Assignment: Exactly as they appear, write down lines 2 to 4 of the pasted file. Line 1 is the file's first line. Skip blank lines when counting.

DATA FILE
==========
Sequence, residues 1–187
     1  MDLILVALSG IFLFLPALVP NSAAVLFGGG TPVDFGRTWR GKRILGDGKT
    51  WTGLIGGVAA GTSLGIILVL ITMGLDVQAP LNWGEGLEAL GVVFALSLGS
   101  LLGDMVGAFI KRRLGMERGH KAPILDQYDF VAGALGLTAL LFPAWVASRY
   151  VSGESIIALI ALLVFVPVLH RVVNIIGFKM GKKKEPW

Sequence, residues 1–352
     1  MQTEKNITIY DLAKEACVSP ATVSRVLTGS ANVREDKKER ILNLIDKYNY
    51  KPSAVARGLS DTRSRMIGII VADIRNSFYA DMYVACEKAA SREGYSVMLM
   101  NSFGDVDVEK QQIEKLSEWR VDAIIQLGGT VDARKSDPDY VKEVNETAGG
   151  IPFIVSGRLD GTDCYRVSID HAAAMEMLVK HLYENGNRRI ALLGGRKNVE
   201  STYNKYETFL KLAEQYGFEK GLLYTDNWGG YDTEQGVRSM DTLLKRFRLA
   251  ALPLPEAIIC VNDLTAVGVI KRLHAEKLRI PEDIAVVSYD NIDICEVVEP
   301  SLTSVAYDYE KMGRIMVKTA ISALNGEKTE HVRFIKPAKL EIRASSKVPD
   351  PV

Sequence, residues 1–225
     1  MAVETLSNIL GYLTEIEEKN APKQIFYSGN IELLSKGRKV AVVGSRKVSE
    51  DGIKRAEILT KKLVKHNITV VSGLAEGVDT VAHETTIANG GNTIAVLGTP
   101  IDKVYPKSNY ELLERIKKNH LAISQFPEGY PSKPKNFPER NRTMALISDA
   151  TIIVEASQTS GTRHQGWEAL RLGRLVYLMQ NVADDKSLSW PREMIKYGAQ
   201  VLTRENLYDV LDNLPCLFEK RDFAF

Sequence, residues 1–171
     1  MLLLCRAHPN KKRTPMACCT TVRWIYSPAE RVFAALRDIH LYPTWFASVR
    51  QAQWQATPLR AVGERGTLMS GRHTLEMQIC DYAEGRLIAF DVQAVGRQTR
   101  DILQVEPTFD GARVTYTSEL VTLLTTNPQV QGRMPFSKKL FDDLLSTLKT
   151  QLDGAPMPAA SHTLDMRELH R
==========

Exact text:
     1  MDLILVALSG IFLFLPALVP NSAAVLFGGG TPVDFGRTWR GKRILGDGKT
    51  WTGLIGGVAA GTSLGIILVL ITMGLDVQAP LNWGEGLEAL GVVFALSLGS
   101  LLGDMVGAFI KRRLGMERGH KAPILDQYDF VAGALGLTAL LFPAWVASRY